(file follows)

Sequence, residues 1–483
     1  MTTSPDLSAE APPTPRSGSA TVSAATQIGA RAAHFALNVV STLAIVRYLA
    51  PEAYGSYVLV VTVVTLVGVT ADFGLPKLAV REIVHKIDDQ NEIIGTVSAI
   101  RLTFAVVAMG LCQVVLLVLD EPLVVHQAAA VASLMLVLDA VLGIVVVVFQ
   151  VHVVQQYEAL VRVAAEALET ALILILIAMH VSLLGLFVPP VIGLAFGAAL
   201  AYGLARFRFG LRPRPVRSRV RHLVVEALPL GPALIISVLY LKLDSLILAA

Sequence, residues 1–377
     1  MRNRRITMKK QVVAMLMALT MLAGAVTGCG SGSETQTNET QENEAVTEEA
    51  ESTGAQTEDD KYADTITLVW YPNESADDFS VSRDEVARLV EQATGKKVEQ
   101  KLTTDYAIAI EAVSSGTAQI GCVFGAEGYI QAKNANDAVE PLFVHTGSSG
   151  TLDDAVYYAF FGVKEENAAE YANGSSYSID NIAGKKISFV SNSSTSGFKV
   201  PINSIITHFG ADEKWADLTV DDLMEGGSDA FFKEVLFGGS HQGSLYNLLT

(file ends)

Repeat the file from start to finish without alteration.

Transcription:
Sequence, residues 1–483
     1  MTTSPDLSAE APPTPRSGSA TVSAATQIGA RAAHFALNVV STLAIVRYLA
    51  PEAYGSYVLV VTVVTLVGVT ADFGLPKLAV REIVHKIDDQ NEIIGTVSAI
   101  RLTFAVVAMG LCQVVLLVLD EPLVVHQAAA VASLMLVLDA VLGIVVVVFQ
   151  VHVVQQYEAL VRVAAEALET ALILILIAMH VSLLGLFVPP VIGLAFGAAL
   201  AYGLARFRFG LRPRPVRSRV RHLVVEALPL GPALIISVLY LKLDSLILAA

Sequence, residues 1–377
     1  MRNRRITMKK QVVAMLMALT MLAGAVTGCG SGSETQTNET QENEAVTEEA
    51  ESTGAQTEDD KYADTITLVW YPNESADDFS VSRDEVARLV EQATGKKVEQ
   101  KLTTDYAIAI EAVSSGTAQI GCVFGAEGYI QAKNANDAVE PLFVHTGSSG
   151  TLDDAVYYAF FGVKEENAAE YANGSSYSID NIAGKKISFV SNSSTSGFKV
   201  PINSIITHFG ADEKWADLTV DDLMEGGSDA FFKEVLFGGS HQGSLYNLLT